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Opinion: Can the West wean India off Russia's influence?

DW logo DW 28/06/2022 Isha Bhatia Sanan

From BRICS to G7, Narendra Modi seems to be everywhere. The West wants India as a strategic partner, while Russia sees it as an economic ally. DW's Isha Bhatia Sanan asks what India might really want.

Holding on for all it's worth: Which side will India choose? © Ludovic Marin/REUTERS Holding on for all it's worth: Which side will India choose?

Indian Prime Minister Narendra Modi is known for his enthusiastic bear hugs. So much so that at times there have been awkward moments, such as at COP26 in 2022, when Modi seemed to get too cozy with UN Secretary-General Antonio Guterres.

But, at Schloss Elmau in the German Alps, the scene looked a little different. French President Emmanuel Macron seemed so happy with the hug that he clung on to Modi. It was almost symbolic: The G7 gripping India firmly, making sure it stays by its side.

The summit focused on key areas such as climate change, health, economic stability, sustainable investments and crisis solutions. Undoubtedly, the latter was the most ubiquitous issue over the three days. The guest countries, India, Indonesia, Argentina, Senegal and South Africa, were invited to discuss topics around climate neutrality, gender equality and health architecture. But Russia and the war in Ukraine loomed large.

Trying to get India on board

Despite the West's attempts to sway India, the country's stance on Russia's war in Ukraine has remained unchanged for the past four months: resolution through diplomacy and dialogue. India has remained neutral by neither criticizing Russia nor taking any sides. India has also abstained from UN resolutions against Russia, making it clear to the world that it will continue to remain a non-aligned country.

Isha Bhatia Sanan works for DW's Hindi service © Provided by Deutsche Welle Isha Bhatia Sanan works for DW's Hindi service

Modi's message to the world is clear: India's own interests are a priority over anything else. Indian Foreign Secretary Vinay Mohan Kwatra told the media before Modi's visit to Germany that "there should be no dilemma, doubt, hesitation about it that the side will be only that of India, the principles will be ours, the interests will be our own, but the solution will be such that, in a global perspective, it clearly has its relevance and utility."

Join the club

India's growing significance in the new world order is also visible through the various groupings it is part of. From BRICS to QUAD; G4 to G20; SCO to SAARC — India is walking a tightrope. And although India is not part of the G7, Modi has been on the guest list regularly for the last four years.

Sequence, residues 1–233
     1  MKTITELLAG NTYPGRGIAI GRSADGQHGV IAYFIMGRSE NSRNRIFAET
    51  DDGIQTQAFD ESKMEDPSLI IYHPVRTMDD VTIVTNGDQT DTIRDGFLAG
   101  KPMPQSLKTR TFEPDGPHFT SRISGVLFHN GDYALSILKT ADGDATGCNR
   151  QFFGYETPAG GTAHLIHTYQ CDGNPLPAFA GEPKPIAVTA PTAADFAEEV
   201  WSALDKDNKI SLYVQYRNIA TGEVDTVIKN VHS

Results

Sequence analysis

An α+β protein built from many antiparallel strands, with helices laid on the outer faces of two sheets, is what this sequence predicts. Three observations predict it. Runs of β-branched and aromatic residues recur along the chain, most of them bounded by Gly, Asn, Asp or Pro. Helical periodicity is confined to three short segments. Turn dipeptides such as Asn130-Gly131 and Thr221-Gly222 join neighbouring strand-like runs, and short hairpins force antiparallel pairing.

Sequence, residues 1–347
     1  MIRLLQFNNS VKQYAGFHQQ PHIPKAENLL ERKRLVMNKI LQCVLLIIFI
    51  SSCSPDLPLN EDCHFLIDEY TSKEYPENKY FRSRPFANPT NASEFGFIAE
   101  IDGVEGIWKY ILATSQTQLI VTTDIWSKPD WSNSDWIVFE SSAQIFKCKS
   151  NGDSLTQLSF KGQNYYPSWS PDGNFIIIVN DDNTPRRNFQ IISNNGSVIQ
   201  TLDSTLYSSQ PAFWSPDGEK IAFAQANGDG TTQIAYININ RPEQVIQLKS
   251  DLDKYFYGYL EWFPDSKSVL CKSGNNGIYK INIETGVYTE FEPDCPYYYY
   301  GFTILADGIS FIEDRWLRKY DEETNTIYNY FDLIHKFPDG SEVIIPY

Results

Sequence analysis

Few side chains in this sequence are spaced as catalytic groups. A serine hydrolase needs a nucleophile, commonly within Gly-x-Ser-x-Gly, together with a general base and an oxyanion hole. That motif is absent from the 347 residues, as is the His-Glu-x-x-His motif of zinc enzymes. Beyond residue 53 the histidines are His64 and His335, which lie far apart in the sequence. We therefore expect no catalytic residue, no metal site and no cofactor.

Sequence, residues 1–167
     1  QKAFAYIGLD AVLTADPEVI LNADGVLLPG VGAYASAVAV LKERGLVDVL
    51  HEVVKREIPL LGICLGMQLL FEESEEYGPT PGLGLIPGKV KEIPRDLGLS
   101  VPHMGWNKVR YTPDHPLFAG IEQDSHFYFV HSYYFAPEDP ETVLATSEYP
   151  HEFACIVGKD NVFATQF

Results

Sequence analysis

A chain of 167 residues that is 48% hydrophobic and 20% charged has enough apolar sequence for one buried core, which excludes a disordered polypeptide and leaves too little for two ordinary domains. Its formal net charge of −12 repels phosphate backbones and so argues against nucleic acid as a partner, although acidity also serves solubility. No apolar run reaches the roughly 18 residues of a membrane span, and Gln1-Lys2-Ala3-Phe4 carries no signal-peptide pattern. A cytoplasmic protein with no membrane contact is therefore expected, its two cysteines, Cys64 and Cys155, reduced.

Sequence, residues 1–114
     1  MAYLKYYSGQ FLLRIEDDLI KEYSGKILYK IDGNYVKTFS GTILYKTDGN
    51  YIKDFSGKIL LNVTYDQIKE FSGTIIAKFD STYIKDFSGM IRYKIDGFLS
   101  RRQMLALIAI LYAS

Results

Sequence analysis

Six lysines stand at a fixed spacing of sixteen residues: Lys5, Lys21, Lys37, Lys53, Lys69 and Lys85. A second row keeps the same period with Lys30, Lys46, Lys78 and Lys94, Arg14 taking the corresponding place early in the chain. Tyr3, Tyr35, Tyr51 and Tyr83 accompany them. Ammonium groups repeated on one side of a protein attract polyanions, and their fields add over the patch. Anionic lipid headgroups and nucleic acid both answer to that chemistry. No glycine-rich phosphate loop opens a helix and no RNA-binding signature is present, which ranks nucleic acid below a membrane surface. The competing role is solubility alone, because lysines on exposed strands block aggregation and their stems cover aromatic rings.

At one of the sessions on energy, Modi emphasized India's needs. "All of you will also agree with this that energy access should not be the privilege of the rich only. A poor family also has the same rights on energy. And today, when energy costs are sky-high due to geopolitical tensions, it is more important to remember this thing," he said.

India has been continuously criticized for increasing its purchases of Russian oil. The fact that Russia is selling oil at discounted prices to India has not gone down well with the West. Now, the same could become true of gold after the G7 announced sanctions on Russian gold. India is the world's second-largest importer of the commodity in the world after China.

Provided by Deutsche Welle © Provided by Deutsche Welle Provided by Deutsche Welle

Becoming more influential on its own terms

India wants to strengthen its trade ties both with the West and the East. It's seeking to be at the center of green energy, sustainability and technology in the post-pandemic world. India also claims that it wants to be part of the efforts to find solutions to global challenges, especially those emerging out of the Russia-Ukraine war. These include food security, energy security, commodity inflation, price inflation, disruption of supply chain, among others. But India wants to do all of this on its own terms; weigh its own options and make its own decisions. India does not want to be told when, how and with whom it should trade.

In the current scenario, India has become more important for the West which cannot afford to cut its ties with India. Considering the growing US-China tensions the West's dependence on India is bound to grow further. And hence India continues to stand its ground.

In November, the BRICS and G7 countries will come together in Bali, Indonesia, for the G20 summit. The West will then have to try new tricks to persuade Modi and get India on its side.

Author: Isha Bhatia Sanan

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